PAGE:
The Royal Ballet’s current triple bill of Serenade, Sweet Violets and DGV is an ungainly thing with, at its heart, the ungainliest thing. Balanchine’s visionary Serenade, in which he prophesied the future of ballet in America in 1934 with clearest intentions, looked very British and oddly unconvincing as the opening event on Wednesday night. But it was the return of Liam Scarlett’s Sweet Violets that gave the evening its entire sense of unreality.
I first heard its score, Rachmaninov’s elegiac Piano Trio – written under the shadow of Tchaikovsky’s death as St Petersburg faced the 20th century – in a performance led by Lev Oborin, that prince of pianists. It is music which, under better circumstances, offers 50 minutes of eloquent Russian grief, and is about as suited to Scarlett’s nagging fantasy about Jack the Ripper, Walter Sickert, Lord Salisbury, Queen Victoria’s grandson and assorted drabs, as is the Bach B minor Mass.
It was first given in 2012, and I had assumed that this rachitic drama – a throwback to the worst British B-movies of the 1950s – would die where it fell, so inscrutable its action, so predictable its mumming. But here it is again, confusing as ever, garrulous, abusing its score. The company’s artists beat themselves improbably up in seeking to make sense of this farrago. A good deal of scenery – plus Lord Salisbury as floorwalker and a couple of sinks – comes and goes. Throats are slit. Time passes very, very slowly.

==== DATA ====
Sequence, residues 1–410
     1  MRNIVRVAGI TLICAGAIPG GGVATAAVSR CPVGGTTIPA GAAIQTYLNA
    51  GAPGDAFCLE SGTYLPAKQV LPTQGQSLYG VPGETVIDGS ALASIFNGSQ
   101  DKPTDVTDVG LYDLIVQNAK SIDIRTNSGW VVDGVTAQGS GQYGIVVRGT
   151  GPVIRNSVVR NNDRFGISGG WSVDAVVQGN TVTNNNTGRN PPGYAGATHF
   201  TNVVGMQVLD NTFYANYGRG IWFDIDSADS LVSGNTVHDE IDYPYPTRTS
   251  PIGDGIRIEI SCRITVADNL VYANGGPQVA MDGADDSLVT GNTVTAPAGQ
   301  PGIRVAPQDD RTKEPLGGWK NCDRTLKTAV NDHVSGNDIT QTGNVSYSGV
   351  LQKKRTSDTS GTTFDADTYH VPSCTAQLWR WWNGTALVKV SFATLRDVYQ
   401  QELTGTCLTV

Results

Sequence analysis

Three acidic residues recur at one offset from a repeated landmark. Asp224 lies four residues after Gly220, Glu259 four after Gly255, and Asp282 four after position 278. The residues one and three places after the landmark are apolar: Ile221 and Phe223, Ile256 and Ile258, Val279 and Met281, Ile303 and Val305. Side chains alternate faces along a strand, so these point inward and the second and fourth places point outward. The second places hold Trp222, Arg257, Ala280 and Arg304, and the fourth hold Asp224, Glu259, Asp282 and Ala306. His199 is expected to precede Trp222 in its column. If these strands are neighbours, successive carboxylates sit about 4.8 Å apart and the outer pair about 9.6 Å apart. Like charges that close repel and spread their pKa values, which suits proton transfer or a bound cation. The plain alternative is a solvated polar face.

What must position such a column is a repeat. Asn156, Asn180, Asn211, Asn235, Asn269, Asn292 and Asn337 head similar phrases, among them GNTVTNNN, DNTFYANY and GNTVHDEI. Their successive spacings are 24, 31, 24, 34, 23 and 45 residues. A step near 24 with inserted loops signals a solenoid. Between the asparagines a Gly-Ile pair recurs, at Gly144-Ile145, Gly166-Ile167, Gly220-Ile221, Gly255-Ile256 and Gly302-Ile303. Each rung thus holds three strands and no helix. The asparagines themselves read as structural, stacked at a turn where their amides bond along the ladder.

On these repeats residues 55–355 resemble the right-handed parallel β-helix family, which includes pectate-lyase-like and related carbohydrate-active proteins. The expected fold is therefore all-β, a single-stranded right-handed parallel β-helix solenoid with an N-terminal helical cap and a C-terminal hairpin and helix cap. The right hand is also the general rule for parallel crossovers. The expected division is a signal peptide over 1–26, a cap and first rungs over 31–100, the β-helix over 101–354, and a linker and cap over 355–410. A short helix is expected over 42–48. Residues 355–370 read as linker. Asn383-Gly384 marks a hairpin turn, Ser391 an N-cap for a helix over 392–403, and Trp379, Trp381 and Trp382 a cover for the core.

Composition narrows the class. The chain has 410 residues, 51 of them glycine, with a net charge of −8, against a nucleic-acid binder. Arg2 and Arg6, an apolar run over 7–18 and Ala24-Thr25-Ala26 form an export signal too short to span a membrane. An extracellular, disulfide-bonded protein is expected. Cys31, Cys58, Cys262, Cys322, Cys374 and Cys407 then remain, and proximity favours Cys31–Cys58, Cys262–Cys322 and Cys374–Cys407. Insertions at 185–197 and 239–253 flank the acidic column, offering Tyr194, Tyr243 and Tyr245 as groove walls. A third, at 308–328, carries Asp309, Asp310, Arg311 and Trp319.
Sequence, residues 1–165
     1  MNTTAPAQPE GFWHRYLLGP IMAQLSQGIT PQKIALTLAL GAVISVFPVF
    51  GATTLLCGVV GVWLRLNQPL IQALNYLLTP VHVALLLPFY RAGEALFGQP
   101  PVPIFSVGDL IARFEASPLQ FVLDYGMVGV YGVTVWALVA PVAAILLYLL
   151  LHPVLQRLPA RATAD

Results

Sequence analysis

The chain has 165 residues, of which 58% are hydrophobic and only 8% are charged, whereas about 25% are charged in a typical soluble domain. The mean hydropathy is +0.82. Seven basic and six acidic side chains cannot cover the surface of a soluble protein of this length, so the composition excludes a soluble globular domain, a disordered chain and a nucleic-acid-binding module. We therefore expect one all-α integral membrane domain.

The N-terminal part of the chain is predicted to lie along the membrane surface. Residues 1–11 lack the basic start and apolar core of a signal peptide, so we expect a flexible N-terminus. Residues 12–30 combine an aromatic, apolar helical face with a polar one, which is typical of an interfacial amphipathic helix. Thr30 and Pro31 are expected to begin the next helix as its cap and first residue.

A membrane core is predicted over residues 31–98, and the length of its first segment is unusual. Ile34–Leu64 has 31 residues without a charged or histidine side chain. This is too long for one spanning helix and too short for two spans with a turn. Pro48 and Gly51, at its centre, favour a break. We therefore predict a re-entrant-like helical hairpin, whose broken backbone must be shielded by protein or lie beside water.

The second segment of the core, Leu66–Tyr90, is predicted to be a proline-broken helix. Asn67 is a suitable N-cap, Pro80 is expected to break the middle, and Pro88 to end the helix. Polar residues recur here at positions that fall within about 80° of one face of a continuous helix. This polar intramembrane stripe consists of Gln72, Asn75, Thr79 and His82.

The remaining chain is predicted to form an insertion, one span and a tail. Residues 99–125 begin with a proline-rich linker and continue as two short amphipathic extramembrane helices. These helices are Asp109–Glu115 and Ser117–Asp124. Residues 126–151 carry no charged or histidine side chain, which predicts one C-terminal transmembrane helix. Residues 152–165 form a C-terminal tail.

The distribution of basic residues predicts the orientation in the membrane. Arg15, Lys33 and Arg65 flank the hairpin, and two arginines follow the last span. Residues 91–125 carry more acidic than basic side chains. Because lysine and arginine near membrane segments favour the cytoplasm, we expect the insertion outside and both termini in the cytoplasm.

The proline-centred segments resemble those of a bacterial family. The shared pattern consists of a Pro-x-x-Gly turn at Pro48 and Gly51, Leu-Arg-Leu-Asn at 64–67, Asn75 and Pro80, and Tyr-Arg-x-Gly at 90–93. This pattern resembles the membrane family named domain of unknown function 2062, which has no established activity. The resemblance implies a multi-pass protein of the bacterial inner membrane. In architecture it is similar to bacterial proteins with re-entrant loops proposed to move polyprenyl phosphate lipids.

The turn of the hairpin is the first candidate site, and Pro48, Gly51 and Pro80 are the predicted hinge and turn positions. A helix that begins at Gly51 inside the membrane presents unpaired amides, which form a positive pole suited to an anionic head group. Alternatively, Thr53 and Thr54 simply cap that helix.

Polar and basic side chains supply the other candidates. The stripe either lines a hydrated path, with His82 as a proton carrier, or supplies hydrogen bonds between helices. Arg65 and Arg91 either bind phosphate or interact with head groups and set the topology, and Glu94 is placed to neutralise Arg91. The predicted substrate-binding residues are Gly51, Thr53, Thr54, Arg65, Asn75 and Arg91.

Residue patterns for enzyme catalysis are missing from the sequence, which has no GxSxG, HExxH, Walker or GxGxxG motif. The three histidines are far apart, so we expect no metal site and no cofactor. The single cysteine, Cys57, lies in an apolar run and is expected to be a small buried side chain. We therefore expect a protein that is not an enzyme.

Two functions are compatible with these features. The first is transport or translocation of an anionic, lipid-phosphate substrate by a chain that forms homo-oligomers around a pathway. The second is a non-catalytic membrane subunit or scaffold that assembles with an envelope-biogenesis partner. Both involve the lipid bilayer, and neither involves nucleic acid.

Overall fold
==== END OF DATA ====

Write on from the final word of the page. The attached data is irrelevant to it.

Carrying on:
That Scarlett is a true, gifted choreographer is in no doubt: he makes ballets that are admired around the world. He has also created for the Royal Ballet two stagings, Sweet Violets and Hansel and Gretel, that suffer dangerously from elephantiasis: the need to edit and shape a narrative seems to escape him.
Pause for thought. The programme, ill-devised, ended with Christopher Wheeldon’s cunning response to Michael Nyman’s garrulous Musique à grande vitesse. This flashing Danse à grande vitesse is a company work of bravest energy, now illuminated by Natalya Osipova living gorgeously for the moment in Edward Watson’s arms, and by the no less admirable artistry of Laura Morera, Zenaida Yanowsky and Marianela Núñez in their partner’s ever-alert care.
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